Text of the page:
Planning and Managing the Virtual Part of Your Estate, Part IV
The Uniform Law Commission has released a new proposed act for enactment by the states called the Uniform Fiduciary Access to Digital Assets Act (UFADAA). The theory behind the new uniform act is if the fiduciary would have access to a tangible or intangible asset, then the fiduciary will also have access to a similar type of digital asset.
The uniform act, if enacted by a state, will allow executors or personal representatives to have complete access to a deceased persons digital assets. In addition, guardians or conservators, and agents under a power of attorney will have access to the protected person’s digital assets. The powers include the power to “access, manage, copy, or delete digital assets and accounts.”
The goal of the uniform act to remove barriers, such as federal privacy laws and state and federal computer fraud and abuse acts, which impede or prevent fiduciary access. Under the uniform act, access by fiduciaries is “authorized” under the Computer Fraud and Abuse Act and the Stored Communications Act section of the Electronic Communications Privacy Act. These laws currently are roadblocks to releasing content to fiduciaries.
The statute provides for an account holder to limit a fiduciary’s access either by wishes expressed in a legal document or online by an affirmative election separate from the account-holder’s agreement.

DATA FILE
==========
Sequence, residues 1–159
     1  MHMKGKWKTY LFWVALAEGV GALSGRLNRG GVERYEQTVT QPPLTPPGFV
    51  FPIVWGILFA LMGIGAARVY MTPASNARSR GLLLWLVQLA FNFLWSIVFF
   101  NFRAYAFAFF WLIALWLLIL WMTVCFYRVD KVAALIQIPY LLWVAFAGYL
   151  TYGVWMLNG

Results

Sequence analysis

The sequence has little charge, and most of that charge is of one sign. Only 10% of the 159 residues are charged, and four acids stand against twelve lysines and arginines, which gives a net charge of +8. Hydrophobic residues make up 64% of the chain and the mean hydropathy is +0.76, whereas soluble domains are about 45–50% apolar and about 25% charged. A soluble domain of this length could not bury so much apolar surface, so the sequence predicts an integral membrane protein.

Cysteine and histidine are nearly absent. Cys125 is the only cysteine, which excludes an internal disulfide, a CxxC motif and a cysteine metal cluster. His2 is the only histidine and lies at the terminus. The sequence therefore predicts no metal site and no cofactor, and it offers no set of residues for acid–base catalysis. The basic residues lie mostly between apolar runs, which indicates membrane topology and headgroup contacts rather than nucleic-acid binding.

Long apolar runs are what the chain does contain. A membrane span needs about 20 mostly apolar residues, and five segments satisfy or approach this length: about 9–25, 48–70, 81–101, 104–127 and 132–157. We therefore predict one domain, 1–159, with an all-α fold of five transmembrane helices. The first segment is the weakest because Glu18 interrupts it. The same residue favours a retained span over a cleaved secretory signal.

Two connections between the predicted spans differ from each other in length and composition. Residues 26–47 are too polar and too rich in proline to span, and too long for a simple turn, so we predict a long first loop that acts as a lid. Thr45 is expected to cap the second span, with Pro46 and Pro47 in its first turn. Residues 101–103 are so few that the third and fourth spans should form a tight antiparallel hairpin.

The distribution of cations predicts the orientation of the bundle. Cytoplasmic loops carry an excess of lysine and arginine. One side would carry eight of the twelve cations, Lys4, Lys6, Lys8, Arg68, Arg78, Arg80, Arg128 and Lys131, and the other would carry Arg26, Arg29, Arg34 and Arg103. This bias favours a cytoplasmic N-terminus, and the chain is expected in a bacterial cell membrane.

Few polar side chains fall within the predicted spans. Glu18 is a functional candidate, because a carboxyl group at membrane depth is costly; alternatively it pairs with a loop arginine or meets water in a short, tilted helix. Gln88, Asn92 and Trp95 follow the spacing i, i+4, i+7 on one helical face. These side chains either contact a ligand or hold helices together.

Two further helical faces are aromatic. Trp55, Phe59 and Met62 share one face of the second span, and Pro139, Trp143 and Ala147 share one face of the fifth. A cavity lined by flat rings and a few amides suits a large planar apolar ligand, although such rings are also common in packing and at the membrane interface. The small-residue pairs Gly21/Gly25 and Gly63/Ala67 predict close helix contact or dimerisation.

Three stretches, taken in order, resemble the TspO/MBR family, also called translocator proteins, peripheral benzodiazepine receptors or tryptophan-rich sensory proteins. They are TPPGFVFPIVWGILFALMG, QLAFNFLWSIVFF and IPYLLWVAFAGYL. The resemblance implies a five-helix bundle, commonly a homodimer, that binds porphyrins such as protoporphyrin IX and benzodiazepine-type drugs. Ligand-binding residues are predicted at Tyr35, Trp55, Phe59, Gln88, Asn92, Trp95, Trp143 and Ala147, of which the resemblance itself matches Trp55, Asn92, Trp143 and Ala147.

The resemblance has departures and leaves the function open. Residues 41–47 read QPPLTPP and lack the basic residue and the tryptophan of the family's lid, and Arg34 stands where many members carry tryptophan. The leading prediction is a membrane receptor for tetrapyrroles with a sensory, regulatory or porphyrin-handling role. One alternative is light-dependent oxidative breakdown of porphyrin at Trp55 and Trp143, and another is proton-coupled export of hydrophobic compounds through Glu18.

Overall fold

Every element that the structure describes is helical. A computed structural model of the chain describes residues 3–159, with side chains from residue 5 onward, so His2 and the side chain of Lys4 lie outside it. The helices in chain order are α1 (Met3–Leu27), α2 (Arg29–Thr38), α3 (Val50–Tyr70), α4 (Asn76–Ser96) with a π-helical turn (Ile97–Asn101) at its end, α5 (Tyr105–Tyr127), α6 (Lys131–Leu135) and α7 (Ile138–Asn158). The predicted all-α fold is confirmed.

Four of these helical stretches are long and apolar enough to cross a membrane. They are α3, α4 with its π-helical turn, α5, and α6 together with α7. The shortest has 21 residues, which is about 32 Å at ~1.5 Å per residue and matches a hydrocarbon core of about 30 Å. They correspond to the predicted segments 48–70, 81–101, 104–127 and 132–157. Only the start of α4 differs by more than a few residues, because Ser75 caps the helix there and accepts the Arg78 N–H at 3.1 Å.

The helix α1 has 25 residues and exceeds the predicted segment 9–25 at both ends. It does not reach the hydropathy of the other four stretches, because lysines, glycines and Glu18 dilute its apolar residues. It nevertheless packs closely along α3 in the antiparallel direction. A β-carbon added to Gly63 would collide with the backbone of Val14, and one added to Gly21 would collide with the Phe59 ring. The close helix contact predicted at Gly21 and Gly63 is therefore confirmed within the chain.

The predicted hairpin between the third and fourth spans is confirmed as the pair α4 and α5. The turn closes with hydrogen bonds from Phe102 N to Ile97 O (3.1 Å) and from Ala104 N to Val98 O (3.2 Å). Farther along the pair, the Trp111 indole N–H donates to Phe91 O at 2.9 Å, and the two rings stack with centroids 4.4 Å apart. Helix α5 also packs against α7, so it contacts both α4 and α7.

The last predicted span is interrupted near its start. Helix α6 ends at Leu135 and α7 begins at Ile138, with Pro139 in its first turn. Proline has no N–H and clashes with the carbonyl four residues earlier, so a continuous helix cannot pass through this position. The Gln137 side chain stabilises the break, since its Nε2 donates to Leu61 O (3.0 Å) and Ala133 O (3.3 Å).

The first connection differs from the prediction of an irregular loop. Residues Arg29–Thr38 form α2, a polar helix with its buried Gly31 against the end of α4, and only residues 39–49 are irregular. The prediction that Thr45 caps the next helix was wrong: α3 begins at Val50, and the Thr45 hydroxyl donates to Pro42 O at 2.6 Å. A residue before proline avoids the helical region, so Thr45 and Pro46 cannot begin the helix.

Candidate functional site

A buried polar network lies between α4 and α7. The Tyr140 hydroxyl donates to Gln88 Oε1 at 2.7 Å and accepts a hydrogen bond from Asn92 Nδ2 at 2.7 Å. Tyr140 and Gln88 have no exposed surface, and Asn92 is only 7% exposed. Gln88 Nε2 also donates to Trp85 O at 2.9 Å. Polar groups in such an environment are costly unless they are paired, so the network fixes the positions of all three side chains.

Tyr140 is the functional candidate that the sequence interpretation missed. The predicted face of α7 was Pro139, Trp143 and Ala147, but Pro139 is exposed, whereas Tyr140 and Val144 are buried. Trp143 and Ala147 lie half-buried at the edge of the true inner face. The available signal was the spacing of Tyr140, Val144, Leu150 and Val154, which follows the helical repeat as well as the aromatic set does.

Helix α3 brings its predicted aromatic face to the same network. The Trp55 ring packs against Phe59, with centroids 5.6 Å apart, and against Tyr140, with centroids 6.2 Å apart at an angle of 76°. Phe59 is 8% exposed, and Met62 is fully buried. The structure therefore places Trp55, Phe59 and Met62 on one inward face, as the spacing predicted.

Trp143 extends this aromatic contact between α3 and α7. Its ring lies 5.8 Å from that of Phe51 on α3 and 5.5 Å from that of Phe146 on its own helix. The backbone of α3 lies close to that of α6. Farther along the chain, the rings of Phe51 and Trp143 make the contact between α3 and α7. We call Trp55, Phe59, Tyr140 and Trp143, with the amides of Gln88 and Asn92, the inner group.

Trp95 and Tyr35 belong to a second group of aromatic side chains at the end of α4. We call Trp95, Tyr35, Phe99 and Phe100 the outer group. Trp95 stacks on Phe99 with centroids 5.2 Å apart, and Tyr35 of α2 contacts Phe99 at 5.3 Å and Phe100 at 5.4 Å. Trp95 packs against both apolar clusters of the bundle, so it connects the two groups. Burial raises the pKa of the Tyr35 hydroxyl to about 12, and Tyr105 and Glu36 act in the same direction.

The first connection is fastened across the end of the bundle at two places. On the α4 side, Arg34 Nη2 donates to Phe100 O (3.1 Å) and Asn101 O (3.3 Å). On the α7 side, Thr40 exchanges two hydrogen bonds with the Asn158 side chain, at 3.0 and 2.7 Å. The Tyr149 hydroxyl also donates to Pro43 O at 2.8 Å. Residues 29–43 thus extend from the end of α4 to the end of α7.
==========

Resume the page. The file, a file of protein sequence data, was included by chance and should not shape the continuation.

Note that the law is about access, not inheritance. Who owns the materials is still determined by the will and other instruments. The purpose of the new law is to allow the fiduciary to gain access to the information. The ownership of the digital assets is not changed.
19 states have enacted some sort of statute to help solve this problem, although none as broad as the proposed uniform act. The proposed uniform law is a standard recommended by the uniform commissioner for enhancement in alt. hastatus. Delaware was the first state to adopt the new Uniform Fiduciary Access to Digital Assets Act.
Pennsylvania currently has no statute. It could take years before there is legislation in Pennsylvania as well as other states. In the meantime, there is no substitute for handling your digital assets as described in the prior posts in this series by developing a digital estate plan, establishing an inventory of digital assets including hardware, software, and online accounts, and provide a way for agents or fiduciaries to access the inventoried assets.
“A uniform approach among states will provide certainty and predictability for courts, account holders, fiduciaries, and Internet service providers,” the National Conference of Commissioners on Uniform State Laws stated. “It gives states precise, comprehensive, and easily accessible guidance on questions concerning fiduciaries’ ability to access the electronic records of a decedent, protected person, principal, or a trust.”